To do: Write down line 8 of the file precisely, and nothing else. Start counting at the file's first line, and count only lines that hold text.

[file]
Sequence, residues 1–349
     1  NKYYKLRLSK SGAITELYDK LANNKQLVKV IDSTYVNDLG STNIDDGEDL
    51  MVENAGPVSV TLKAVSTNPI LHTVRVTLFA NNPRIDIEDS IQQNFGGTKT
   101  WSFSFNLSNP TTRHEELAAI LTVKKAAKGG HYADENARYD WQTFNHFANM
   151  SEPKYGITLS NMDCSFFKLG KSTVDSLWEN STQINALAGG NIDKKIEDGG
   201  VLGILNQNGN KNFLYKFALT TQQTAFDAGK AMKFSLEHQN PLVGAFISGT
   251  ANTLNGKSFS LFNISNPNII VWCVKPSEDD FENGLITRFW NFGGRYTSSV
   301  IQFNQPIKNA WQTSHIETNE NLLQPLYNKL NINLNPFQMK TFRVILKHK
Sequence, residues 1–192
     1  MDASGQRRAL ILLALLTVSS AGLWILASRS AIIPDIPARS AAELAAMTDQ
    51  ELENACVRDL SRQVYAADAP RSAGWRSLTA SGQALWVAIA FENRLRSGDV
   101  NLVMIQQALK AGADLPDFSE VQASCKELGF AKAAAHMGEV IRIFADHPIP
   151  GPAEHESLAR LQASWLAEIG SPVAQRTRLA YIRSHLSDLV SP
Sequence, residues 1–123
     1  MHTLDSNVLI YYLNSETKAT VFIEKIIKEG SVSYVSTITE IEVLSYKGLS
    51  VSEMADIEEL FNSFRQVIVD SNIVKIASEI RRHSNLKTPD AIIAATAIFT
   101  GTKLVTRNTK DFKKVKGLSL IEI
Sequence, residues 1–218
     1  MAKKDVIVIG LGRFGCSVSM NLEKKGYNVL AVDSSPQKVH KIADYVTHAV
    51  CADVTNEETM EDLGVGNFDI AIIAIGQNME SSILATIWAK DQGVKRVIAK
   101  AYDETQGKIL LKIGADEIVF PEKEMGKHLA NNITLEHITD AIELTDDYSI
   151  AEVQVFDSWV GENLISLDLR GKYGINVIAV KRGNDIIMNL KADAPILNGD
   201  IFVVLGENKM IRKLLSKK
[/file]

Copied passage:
   301  IQFNQPIKNA WQTSHIETNE NLLQPLYNKL NINLNPFQMK TFRVILKHK